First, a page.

Relapsing Fever in Emergency Medicine Workup
- Author: Bobak Zonnoor , MD; Chief Editor: Jeter (Jay) Pritchard Taylor, III, MD more...
A diagnosis of relapsing fever in the emergency department should be considered in patients with a characteristic fever pattern (especially if accompanied with the crisis) and history of exposure to lice or ticks in geographic areas where tick-borne relapsing fever and louse-borne relapsing fever are endemic.
The emergency department workup of relapsing fever focuses on ruling out other potential diagnoses. Basic laboratory studies such as complete blood cell (CBC) count, chemistry panel, and coagulation studies can be performed; however, most laboratory studies are nonspecific.
CBC count usually reveals mild to moderate normocytic anemia and thrombocytopenia. The WBC count is usually within the reference range.
Coagulation studies usually show prolonged prothrombin time (PT) and partial thromboplastin time (PTT).
Chemistry panel can show increased liver function test (LFTs) and elevated bilirubin levels. In louse-borne relapsing fever, azotemia can occur.
In patients with CNS involvement, CSF studies show mononuclear pleocytosis and mildly elevated protein levels.
Animal inoculation, which involves injection of blood into laboratory animals followed by examination of their blood, can be used when relapsing fever is suspected and spirochetes are not visually detected via smear. Inoculation of blood into weanling mice or mice with severe combined immunodeficiency (SCID) may yield Borrelia species in the blood or, less commonly, in cerebral spinal fluid (CSF), even between fever episodes.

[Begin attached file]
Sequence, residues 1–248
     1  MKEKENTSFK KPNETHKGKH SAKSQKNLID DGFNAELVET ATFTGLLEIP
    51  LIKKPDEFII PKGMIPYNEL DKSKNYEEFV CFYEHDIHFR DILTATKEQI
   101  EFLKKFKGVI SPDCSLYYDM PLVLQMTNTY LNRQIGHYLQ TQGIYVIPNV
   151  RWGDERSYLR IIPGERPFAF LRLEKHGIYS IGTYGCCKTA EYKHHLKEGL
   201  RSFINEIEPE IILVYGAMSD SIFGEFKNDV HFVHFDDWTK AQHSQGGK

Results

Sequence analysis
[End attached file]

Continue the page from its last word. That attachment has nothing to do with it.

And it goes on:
For suspected tick-borne relapsing fever, blood, plasma, buffy coat, or CSF is injected intraperitoneally into the mouse. Infection of the mouse is enhanced by the SCID phenotype or by splenectomy. Blood of the inoculated mice should be examined daily for the presence of the spirochetes for seven days.
Peripheral blood smears
Relapsing fever is definitively diagnosed based on visualization of spirochetes in peripheral blood smears during fever episodes. Thus, thin and thick smears are the first tests performed for suspected relapsing fever. Peripheral smears yield a sensitivity of 70% (more sensitive in tick-borne relapsing fever than in louse-borne relapsing fever).
Both thick and thin smears using Wright and Giemsa stains may need to be examined.
The optimal time to obtain samples is during the onset of fever spikes.
This is the best way to secure the diagnosis in the emergency department.
Organisms are not found between relapses.
As many as 200 oil immersion fields should be viewed before judging the smear to be negative.
Thick smear is more sensitive.
When relapsing fever is suspected but spirochetes are not directly visualized, laboratory confirmation requires techniques that are not available in most laboratories. Such techniques include animal inoculation, in vitro cultivation, wet mount, cultures, and polymerase chain reaction (PCR).
Imaging studies are not routinely useful, although chest radiography and hepatobiliary ultrasonography might be indicated in isolated cases in which pulmonary or hepatic manifestations predominate.
CT scanning of the brain may be indicated in cases with predominant central nervous system (CNS) manifestations.
Electrocardiography (ECG) may show a prolonged QTc interval.
Nonspecific antibody response to Proteus OXK antigens is elevated in about one third of tick-borne relapsing fever cases and most louse-borne cases.
Spirochetes may be detected in tissue using silver stain. They may also be visualized using immunofluorescence.
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